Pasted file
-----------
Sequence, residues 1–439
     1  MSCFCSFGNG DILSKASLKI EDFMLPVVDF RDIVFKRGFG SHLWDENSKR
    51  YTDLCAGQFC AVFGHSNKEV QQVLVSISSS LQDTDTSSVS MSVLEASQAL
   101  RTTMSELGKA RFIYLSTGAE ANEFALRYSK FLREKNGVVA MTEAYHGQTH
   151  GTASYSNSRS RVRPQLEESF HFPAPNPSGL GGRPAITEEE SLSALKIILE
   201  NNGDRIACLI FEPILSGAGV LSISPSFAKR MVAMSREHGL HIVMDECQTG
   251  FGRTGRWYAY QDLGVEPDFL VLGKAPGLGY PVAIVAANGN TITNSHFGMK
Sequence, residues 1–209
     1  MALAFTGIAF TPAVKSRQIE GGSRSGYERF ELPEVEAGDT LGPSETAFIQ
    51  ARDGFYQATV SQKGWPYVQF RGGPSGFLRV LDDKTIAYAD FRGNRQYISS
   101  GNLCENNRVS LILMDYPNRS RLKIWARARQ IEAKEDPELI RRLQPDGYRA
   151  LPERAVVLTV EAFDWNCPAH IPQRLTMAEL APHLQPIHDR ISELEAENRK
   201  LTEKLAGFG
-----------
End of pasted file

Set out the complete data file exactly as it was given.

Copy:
Sequence, residues 1–439
     1  MSCFCSFGNG DILSKASLKI EDFMLPVVDF RDIVFKRGFG SHLWDENSKR
    51  YTDLCAGQFC AVFGHSNKEV QQVLVSISSS LQDTDTSSVS MSVLEASQAL
   101  RTTMSELGKA RFIYLSTGAE ANEFALRYSK FLREKNGVVA MTEAYHGQTH
   151  GTASYSNSRS RVRPQLEESF HFPAPNPSGL GGRPAITEEE SLSALKIILE
   201  NNGDRIACLI FEPILSGAGV LSISPSFAKR MVAMSREHGL HIVMDECQTG
   251  FGRTGRWYAY QDLGVEPDFL VLGKAPGLGY PVAIVAANGN TITNSHFGMK
Sequence, residues 1–209
     1  MALAFTGIAF TPAVKSRQIE GGSRSGYERF ELPEVEAGDT LGPSETAFIQ
    51  ARDGFYQATV SQKGWPYVQF RGGPSGFLRV LDDKTIAYAD FRGNRQYISS
   101  GNLCENNRVS LILMDYPNRS RLKIWARARQ IEAKEDPELI RRLQPDGYRA
   151  LPERAVVLTV EAFDWNCPAH IPQRLTMAEL APHLQPIHDR ISELEAENRK
   201  LTEKLAGFG